We get some back, sinking a submarine, thwarting several patrolling Austrian raiders, and intercepting a raiding light cruiser.
The light cruiser Surcouf, of the Lavoisier class, approaches a target steaming about midway between Mers El Kebir and Murcia, Spain.
It’s the sole Austrian Jupiter-class light cruiser, their largest and best example of the type. She has more guns than Surcouf, but Surcouf‘s guns are high-quality 6″ numbers against the Austrian 5″, and Surcouf has better armor to boot. We’ll see if we can ring Jupiter‘s bell enough times to slow her down to Surcouf‘s speed.
Over the course of the battle, Jupiter gets very lucky. Although she scores only 8 hits to Surcouf‘s 14, Jupiter‘s last hit disables Surcouf‘s electric generators, slowing her down and giving Jupiter time to escape.
Not, however, for very long. One of our submarines, lurking nearby, torpedoes Jupiter and sinks her as she flees the scene. It goes into the books as a major French victory.
Well, that wasn’t quite the ending I expected. It was such a quick war that we didn’t even get any serious reparations out of it. Bit of a waste, truthfully, and now we have to deal with the postwar budget malaise.
I make the tough decision to scrap Amiral Charner. She’s slower and less capable than our two purpose-built light carriers, and aircraft aren’t quite the deciding factor yet they will be in the future.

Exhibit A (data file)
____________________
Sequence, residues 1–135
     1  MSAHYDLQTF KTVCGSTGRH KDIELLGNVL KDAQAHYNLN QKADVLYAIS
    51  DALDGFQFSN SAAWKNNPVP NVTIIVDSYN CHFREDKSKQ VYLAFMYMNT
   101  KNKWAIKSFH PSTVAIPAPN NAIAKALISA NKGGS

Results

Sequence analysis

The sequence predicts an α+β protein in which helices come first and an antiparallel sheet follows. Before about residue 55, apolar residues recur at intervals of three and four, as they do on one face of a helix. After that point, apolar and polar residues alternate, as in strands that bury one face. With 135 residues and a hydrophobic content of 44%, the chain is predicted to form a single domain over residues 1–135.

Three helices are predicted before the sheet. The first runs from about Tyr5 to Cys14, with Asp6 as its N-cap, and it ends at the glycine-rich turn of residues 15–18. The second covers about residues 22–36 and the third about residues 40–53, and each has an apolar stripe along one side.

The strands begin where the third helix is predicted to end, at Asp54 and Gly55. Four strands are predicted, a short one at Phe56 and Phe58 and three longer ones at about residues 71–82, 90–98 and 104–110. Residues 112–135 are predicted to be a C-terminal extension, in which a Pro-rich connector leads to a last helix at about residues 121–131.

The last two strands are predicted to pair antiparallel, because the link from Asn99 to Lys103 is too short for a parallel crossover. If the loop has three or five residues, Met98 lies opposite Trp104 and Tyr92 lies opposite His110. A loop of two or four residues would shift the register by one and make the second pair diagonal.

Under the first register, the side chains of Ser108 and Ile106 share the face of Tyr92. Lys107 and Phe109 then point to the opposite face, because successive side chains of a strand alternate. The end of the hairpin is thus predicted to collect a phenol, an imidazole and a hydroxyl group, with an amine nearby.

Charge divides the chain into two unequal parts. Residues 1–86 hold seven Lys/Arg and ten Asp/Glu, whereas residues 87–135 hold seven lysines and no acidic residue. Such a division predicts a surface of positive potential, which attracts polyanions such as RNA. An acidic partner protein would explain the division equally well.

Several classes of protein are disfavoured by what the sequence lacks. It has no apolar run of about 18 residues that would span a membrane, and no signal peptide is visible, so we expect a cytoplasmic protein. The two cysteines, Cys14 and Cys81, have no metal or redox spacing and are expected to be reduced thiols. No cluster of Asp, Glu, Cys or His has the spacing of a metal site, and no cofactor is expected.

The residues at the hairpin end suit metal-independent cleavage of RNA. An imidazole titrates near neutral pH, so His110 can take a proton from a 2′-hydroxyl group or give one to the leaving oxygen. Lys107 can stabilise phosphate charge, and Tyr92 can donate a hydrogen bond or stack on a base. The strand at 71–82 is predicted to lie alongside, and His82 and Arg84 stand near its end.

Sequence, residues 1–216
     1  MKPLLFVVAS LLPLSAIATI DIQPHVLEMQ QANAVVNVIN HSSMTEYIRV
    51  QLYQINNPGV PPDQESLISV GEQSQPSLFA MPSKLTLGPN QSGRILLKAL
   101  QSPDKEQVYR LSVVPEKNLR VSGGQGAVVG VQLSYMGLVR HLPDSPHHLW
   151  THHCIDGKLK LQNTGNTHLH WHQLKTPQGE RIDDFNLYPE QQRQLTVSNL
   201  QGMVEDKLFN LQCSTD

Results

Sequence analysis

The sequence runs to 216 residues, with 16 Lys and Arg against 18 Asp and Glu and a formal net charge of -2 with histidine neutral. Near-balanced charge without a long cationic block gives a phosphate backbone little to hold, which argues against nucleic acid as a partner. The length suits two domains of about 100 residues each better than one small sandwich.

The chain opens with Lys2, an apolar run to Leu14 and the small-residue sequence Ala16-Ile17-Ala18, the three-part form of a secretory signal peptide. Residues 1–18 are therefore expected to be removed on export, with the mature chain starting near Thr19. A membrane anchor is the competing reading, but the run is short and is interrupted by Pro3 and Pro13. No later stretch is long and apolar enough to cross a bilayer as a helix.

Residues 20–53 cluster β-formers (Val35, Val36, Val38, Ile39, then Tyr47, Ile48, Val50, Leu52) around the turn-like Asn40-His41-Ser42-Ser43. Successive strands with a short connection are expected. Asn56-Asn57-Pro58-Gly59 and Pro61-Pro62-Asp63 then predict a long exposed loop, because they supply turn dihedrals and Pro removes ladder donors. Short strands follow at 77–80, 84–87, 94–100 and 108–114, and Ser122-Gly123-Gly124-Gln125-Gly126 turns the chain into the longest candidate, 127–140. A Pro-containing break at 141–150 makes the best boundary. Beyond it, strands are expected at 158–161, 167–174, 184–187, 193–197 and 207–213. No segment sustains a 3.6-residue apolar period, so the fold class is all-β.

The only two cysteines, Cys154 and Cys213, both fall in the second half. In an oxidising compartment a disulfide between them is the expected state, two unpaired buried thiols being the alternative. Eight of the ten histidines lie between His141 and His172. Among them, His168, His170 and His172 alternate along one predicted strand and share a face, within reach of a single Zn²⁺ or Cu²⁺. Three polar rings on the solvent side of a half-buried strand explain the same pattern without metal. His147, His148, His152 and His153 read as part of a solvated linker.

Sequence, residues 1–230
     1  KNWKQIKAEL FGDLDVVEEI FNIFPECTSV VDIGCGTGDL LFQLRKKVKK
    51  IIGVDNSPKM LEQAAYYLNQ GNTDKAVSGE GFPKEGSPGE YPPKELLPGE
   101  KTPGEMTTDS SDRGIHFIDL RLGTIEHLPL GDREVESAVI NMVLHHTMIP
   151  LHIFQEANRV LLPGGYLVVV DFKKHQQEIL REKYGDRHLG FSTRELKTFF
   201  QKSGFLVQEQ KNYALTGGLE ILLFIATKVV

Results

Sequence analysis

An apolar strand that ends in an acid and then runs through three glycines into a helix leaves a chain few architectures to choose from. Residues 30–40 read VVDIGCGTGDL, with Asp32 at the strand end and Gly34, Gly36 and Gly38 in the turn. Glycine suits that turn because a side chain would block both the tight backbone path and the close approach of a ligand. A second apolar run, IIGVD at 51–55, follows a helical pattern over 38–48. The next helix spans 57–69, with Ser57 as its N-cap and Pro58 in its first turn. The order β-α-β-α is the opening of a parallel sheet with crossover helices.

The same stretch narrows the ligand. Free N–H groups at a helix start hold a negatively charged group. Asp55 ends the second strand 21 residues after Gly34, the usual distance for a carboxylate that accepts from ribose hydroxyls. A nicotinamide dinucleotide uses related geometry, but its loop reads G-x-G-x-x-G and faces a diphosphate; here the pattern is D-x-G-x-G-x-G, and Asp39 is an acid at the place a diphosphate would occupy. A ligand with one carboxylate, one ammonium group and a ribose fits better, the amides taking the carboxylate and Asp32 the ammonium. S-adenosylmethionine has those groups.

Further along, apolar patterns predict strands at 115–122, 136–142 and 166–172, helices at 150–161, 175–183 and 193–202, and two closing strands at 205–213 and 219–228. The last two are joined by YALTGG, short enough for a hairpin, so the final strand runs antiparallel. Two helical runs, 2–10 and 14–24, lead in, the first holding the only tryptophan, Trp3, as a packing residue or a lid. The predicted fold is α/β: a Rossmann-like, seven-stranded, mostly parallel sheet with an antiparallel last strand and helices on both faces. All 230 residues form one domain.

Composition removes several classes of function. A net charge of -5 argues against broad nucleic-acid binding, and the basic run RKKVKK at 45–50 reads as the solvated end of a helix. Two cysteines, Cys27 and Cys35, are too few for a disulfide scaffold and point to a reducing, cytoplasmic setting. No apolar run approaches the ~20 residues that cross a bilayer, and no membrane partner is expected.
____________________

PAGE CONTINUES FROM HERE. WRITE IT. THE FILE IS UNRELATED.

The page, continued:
Dewoitine comes up with an improved version of their medium bomber, which adds 15 knots of speed and 30 miles of range. It doesn’t take me long to decide that yes, I want to buy that.
I wasn’t for it, but France signs another naval treaty. The limitations on this one are a bit less restrictive—35,000 tons, 16″ guns—but the concomitant budget hit means I’m going to have to delay or cancel some projects.
An improved torpedo bomber enters service, nearly identical to our current model but with slightly longer range and slightly better speed.
In technology news, we’ve unlocked AA directors (which improve the accuracy of anti-air guns, and should be refit onto our ships as we have time) and triple turrets for light cruisers, which should make for some designs with better weight efficiency.
We come to the end of another update, tragically much shorter than I had hoped it might be, given the joys of wartime budgets.
Fleet Report 1929
I haven’t provided a full picture of the fleet in some time, so I thought I’d do so in this update.
Devastation, built in 1910 and rebuilt in 1916. 22 knots, 8 12″ guns in four double turrets, including wing turrets with cross-deck fire. Mothballed. Candidate for retirement.
Lyon, built in 1912 and rebuilt in 1927. 26 knots, 6 15″ guns in three non-superfiring centerline turrets. In reserve.
Marseilles, a Lyon-class battleship built in 1912 and rebuilt in 1916. 24 knots, 6 15″ guns. Mothballed. Candidate for rebuild to 1927 spec (12 months, ~2300 funds per month) or retirement.
Redoubtable and Marengo, Redoubtable-class battleships built in 1913 and rebuilt in 1917. 22 knots, 10 12″ guns in four non-superfiring centerline turrets. In mothballs.